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Re: [Axiom-developer] [axiom-developer] What do diagrams in bookvol10.3

From: daly
Subject: Re: [Axiom-developer] [axiom-developer] What do diagrams in bookvol10.3 mean?
Date: Thu, 22 Sep 2011 08:16:48 -0400

On Thu, 2011-09-22 at 12:18 +0400, Dmitry Semikin wrote:
> Hi, axiom-developers,
> I'm new to axiom and just getting aquainted to it, trying to solve my
> problems using it, so please, forgive me, if I ask questions with
> obvious answers.
> The one thing, which confused me is what do diagrams in bookvol10.3
> (Domains reference) mean.

These diagrams are subgraphs of the whole "support lattice". 

Each domain requires a lot of other domains before it can be compiled.
If you create a lattice and place each domain in the lattice such that
everything it depends upon is below it you will find a "highest"
precondition domain. If you try to place Symbol in this lattice you 
will find that StringCategory is the "highest" required domain. 
This is a compile constraint, not an algebra constraint.

StringCategory is in layer 9 and will be compiled before anything in
layer 10 of the support graph. Symbol is in layer 10 because it 
depends upon StringCategory.

The complete support lattice is documented in the Makefile

There is a complication in the case of SYMBOL and some other domains.

If the support lattice was a pure lattice then we could compile the
algebra from scratch. Unfortunately, this is not the case. The algebra
forms a graph. At the bottom of the lattice is a clique of files that
all depend on each other. These files have to be compiled before any
other files. So SYMBOL has to be compiled before STRCAT. But we just
figured out that STRCAT has to be compiled before SYMBOL. This is
called the "bootstrap set".

In the past Axiom always needed a running Axiom to compile the algebra.
Since a running Axiom already contained the algebra, SYMBOL and STRCAT
already existed. This was never a problem when I worked at IBM since
I always had a running Axiom available.

When I got the Axiom sources I was not given permission to distribute
a running Axiom from NAG. That means that you could not build Axiom
entirely from the source code. Since the whole point of an open source
project is that anyone can build it from source I needed to figure out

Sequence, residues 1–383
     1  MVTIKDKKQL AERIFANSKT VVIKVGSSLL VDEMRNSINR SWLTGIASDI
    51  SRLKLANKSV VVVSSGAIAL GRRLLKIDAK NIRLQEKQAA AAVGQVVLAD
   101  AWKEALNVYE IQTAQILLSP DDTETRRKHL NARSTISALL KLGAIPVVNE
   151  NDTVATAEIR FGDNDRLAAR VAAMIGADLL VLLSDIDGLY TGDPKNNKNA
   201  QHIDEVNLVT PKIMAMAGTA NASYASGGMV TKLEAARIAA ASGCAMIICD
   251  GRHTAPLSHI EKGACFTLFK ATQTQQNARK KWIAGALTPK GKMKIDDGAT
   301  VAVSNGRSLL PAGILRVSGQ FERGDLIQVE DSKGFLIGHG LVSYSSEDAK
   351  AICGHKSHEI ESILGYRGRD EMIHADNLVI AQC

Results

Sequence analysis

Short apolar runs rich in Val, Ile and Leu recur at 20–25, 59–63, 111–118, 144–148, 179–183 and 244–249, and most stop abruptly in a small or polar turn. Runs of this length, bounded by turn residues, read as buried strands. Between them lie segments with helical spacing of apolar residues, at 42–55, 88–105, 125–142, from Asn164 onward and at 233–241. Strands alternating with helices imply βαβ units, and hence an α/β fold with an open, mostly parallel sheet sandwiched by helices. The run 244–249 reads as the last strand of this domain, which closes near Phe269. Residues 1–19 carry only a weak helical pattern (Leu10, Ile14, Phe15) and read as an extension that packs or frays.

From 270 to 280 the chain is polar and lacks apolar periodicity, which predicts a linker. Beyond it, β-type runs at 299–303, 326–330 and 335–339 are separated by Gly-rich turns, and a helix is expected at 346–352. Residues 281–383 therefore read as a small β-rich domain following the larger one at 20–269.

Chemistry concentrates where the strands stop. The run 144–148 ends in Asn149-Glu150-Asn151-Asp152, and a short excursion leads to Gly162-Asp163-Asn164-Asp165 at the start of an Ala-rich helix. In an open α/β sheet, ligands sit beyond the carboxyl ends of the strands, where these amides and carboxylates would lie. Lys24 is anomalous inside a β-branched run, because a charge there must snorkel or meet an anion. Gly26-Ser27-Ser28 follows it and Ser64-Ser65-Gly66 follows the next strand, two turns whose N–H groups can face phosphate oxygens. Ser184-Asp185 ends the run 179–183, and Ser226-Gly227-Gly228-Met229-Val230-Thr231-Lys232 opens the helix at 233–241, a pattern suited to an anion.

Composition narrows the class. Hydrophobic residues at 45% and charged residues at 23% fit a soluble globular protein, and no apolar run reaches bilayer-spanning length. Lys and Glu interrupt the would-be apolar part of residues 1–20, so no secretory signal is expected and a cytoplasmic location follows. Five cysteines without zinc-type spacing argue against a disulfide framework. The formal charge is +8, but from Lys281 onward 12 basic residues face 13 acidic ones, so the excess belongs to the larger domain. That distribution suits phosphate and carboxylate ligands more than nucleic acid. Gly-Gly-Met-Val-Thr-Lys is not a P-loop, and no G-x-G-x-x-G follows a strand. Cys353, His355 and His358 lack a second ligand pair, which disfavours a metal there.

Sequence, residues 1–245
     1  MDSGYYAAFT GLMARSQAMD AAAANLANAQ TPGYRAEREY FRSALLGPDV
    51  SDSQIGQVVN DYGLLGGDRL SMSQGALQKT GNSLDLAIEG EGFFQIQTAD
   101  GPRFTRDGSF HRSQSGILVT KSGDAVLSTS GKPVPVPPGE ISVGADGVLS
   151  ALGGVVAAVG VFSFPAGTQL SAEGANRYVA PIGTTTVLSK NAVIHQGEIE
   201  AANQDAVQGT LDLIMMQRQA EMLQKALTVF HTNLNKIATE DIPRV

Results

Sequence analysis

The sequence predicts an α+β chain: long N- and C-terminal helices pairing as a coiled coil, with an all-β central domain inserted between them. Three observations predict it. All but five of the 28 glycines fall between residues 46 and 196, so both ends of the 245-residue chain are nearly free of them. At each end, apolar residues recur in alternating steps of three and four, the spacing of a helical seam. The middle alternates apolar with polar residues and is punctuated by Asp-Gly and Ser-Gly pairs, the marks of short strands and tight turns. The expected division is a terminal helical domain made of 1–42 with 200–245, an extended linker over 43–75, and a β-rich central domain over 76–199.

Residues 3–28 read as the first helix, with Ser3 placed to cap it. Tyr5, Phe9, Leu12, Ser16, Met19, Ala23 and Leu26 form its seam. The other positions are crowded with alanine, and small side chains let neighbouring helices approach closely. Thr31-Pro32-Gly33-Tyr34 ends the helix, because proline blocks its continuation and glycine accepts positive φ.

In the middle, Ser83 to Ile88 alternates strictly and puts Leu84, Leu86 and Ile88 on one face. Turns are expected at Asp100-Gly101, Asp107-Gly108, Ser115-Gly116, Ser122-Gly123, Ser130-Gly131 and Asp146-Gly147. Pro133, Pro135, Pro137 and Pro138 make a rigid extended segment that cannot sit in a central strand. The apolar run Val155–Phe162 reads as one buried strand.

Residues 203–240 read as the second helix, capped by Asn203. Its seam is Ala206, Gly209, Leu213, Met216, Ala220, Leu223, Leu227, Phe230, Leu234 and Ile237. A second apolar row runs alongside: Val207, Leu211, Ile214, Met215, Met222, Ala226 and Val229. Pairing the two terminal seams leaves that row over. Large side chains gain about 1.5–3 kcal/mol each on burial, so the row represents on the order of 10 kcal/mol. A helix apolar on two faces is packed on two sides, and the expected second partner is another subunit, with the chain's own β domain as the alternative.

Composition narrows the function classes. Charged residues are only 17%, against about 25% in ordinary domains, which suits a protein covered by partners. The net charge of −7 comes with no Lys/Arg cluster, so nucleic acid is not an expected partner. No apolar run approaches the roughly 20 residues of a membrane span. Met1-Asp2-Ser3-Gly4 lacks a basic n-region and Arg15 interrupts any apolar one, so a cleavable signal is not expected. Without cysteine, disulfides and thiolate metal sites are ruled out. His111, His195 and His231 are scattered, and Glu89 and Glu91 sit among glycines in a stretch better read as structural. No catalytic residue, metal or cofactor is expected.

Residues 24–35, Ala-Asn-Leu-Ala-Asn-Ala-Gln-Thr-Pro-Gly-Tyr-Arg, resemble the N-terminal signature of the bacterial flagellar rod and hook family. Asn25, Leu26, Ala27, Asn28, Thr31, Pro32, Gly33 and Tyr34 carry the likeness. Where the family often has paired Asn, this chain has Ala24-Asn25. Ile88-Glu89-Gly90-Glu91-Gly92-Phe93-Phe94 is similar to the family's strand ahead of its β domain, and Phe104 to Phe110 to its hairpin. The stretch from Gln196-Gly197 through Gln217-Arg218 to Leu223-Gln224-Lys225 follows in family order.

a way to build the algebra from scratch.

One of the most difficult tasks was to discover the support lattice,
find the "bootstrap set", and set up a "precompile phase" which compiled
the algebra from the lisp sources rather than the spad sources. Note
that spad is really just syntactic sugar over common lisp so this is
always possible. It turns out that there are 85 algebra files in the
bootstrap set (see LAYER0BOOTSTRAP in src/algebra/Makefile.pamphlet).
SYMBOL is a member of the bootstrap set.

So the process is:
 (LAYER0BOOTSTRAP) compile these algebra files from lisp sources
 (LAYER0 - LAYERn) compile these algebra files from spad
 (LAYER0COPY) recompile these algebra files from spad
this happens because of the ORDER variable
(see ORDER= in src/algebra/Makefile.pamphlet)

Once this bootstrap problem was solved I could build the rest of the
algebra lattice.

> The first question is what is the legend? It seems to me, that green
> boxes are domains and blue ones are categories. But there are some
> other colors and shapes. What do they mean? Is some kind of legend
> given anywhere?

This is explained in the section "Adding new algebra" in 

The color and the shape carry the same information.
  #4488FF == category (bookvol10.2) box
  #88FF44 == domain   (bookvol10.3) ellipse
  #FF4488 == package  (bookvol10.4) circle
  #444488 == numeric  (bookvol10.5)

I apologize for the horrid choice of colors (I am partially color
blind). You'll notice that they are just rotations of the hex codes.

In the books (10.2, 10.3, 10.4, 10.5) I have a chunk that enables
me to recreate the support lattice. The information for each 
domain includes the subgraph. The image is created from this
tiny specification and is a subgraph of the full graph.
If you click on a node it will take you to the appropriate
book. I plan to make this link to the proper section of the
book but have not done that yet.

Actually, I do not draw the full graph. All of the full graph
information is documented in src/algebra/Makefile.pamphlet but
the actual graph is HUGE. You will see that most of the links
are comments. I have tried several different ways to make this
graph available. I wrote a few graphing tools to do tricks 
like force-based node expansion but I never published the results.

Ultimately I plan to make the graph have links to the domains
in the books. Those domains will have documentation of the theory
(some exist), the algebra (exists), the test cases (some exist), 
the help file (some exist), proofs (in plan but not published), etc.

All of this takes time and most of my time these days involve
treeshaking and documenting the interpreter and compiler. 

> The second question is what kind of relation is depicted on those
> diagrams? E.g. for the category Symbol we have diagram with arrow
> pointing to STRICAT (StringCategory) category. But if I look at the
> code bellow (in the same section of the bookvol10.3) or browse
> documentation of the Symbol in the HyperDoc, I cannot find any
> reference to StringCategory. So, what is the relation, depicted in the
> diagram in the bookvol 10.3? (Note: similar situation presents for
> other domains eiher).

The relationship in the support lattice is NOT the same as the
algebraic relationships. The support lattice documents the compile
time constraints.

I have a plan to document the algebraic support lattice but I have
not done it yet.

Tim Daly

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